Bachelor Thesis With Prof. Krämer in 2021
Simulating the gamma-ray sky with machine learning
The study of the gamma-ray sky from MeV to TeV energies permits to investigate different non-thermal processes, from cosmic-ray acceleration in Galactic and extragalactic sources to possible indirect signals of dark matter. In order to constrain our models for these processes, fast and accurate simulations of the signals expected in current and future detectors, such as Fermi-LAT or CTA, are fundamental. In this project we will use machine learning techniques to build a fast and efficient simulator for astrophysical and dark matter signals in the gamma-ray sky.
Two-zone cosmic-ray propagation nearby Galactic sources
Multi-wavelenght observations of the propagation of Galactic cosmic-rays have recently confirmed that the diffusion within few tens of parsec around their sources is inhibited by several orders of magnitude. To account for these observations, a two-zone propagation model needs to be introduced. In this project we will study the existing semi-analytical solutions for this two-zone diffusion model, and investigate further analitical, numerical or machine learning techniques to solve accurately and faster the propagation of different cosmic-ray species around their sources.
Searching for new physics at the LHC with machine learning
Current and future searches for new physics at the Large Hadron Collider (LHC) focus on complex signatures and more model-independent methods. Machine learning is a powerful tool for finding and classifying physics beyond the Standard Model. For example, deep neural networks can separate and identify subtle signatures of new physics from the background of Standard Model events. Moreover, methods of unsupervised deep learning allow the detection of anomalous signatures of new physics without having to make specific assumptions regarding the underlying theory. In this Bachelor thesis, you will explore neural network architectures for classification or unsupervised learning and their application to detect exotic signatures from new physics models at the LHC.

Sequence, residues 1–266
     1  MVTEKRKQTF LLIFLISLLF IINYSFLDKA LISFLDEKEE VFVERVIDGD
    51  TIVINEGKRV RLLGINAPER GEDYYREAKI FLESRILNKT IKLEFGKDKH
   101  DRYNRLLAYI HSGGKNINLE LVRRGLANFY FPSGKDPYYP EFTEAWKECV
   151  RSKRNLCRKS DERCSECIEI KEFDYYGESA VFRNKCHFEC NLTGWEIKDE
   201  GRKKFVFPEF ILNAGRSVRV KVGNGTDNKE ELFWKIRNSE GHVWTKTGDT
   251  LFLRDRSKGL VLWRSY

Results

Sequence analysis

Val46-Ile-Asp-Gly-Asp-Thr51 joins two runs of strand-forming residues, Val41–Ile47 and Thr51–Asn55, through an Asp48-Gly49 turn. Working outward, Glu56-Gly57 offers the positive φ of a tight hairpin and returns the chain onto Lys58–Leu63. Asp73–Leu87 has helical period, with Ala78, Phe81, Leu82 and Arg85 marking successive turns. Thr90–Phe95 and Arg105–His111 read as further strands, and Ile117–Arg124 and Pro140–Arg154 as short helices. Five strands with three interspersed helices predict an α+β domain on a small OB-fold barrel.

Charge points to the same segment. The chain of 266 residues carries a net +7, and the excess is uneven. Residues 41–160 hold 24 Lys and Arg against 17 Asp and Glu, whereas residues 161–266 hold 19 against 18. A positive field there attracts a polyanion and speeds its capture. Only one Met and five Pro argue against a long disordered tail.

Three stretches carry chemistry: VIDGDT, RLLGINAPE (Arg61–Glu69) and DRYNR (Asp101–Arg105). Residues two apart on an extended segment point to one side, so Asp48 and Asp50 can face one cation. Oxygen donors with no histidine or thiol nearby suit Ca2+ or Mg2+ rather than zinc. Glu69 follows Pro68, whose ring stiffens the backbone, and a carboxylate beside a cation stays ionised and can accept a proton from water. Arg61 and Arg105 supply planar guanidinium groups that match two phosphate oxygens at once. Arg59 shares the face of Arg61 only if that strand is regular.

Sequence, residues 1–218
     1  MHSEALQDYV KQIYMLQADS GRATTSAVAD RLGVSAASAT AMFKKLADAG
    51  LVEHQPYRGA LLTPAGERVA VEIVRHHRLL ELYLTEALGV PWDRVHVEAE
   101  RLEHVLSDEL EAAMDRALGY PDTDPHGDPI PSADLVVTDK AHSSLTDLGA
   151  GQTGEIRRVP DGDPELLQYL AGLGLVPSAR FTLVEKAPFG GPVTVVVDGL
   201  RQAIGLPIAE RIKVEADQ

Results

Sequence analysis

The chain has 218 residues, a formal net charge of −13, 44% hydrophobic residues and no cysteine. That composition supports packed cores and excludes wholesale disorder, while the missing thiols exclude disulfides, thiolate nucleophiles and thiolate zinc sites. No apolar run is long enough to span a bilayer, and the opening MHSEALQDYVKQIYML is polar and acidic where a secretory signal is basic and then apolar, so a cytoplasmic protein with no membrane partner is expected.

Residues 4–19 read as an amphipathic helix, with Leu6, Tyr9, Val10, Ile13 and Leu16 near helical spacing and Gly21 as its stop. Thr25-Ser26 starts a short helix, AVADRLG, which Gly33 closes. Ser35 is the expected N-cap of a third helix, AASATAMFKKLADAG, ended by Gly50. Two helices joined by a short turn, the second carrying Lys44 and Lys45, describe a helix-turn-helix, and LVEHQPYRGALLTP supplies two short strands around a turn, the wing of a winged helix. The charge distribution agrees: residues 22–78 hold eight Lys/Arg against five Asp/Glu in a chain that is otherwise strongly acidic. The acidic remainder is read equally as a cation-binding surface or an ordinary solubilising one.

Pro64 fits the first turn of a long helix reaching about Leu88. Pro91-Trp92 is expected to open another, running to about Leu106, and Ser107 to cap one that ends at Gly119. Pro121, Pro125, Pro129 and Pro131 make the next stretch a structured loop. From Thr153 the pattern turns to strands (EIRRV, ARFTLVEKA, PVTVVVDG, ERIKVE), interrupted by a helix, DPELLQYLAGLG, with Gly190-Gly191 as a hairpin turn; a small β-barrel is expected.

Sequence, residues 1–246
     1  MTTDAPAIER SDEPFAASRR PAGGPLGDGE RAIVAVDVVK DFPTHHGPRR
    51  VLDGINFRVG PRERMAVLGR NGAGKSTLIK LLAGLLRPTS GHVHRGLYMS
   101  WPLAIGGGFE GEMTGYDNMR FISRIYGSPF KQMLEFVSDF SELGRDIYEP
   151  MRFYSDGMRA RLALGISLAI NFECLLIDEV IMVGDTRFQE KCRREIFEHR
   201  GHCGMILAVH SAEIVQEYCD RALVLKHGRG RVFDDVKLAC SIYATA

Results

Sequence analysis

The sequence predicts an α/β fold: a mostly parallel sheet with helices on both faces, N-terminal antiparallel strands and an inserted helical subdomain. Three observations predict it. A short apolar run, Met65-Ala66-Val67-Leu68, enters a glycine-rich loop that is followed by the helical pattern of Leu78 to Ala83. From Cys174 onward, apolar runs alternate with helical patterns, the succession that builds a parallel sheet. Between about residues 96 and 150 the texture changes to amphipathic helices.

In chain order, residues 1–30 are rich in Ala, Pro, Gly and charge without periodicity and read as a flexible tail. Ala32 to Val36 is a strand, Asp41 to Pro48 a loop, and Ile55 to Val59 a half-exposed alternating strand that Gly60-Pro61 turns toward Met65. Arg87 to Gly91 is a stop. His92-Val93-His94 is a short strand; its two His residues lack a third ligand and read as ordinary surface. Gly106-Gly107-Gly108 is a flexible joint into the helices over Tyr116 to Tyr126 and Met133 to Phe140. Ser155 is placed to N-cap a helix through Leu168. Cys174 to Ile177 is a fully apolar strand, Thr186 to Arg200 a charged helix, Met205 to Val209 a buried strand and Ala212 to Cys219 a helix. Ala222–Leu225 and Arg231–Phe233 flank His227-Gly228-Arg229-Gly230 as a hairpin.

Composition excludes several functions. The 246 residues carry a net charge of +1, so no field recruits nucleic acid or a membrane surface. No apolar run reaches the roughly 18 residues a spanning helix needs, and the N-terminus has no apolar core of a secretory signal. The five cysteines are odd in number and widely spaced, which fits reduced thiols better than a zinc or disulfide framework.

Sorting out Higgs decays
The Higgs boson has been discovered almost 8 years ago but the investigation of its detailed properties is still a fascinating endeavour. A specific Higgs-boson measurement is usually performed by looking at a specific set of particles the Higgs boson can decay into, a so-called final state. There are current efforts to define these final states in a mutually exclusive way, so that each Higgs event can be unambiguously classified. In this Bachelor thesis, you will use state-of-the-art simulation tools to perform a subset of this classification procedure. For this thesis project you can built on a Bachelor thesis which has been successfully carried out in summer term 2020.